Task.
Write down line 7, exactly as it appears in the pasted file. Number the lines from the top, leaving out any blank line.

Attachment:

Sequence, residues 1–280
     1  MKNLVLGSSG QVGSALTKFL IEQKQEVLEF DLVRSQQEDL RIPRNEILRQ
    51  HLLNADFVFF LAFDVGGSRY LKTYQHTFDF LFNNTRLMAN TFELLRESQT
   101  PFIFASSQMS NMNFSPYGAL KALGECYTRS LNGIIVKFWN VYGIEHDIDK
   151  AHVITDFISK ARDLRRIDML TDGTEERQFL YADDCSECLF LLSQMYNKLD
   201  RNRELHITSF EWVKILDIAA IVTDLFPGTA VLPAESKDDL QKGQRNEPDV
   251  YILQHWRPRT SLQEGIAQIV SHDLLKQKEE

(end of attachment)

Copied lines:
   251  YILQHWRPRT SLQEGIAQIV SHDLLKQKEE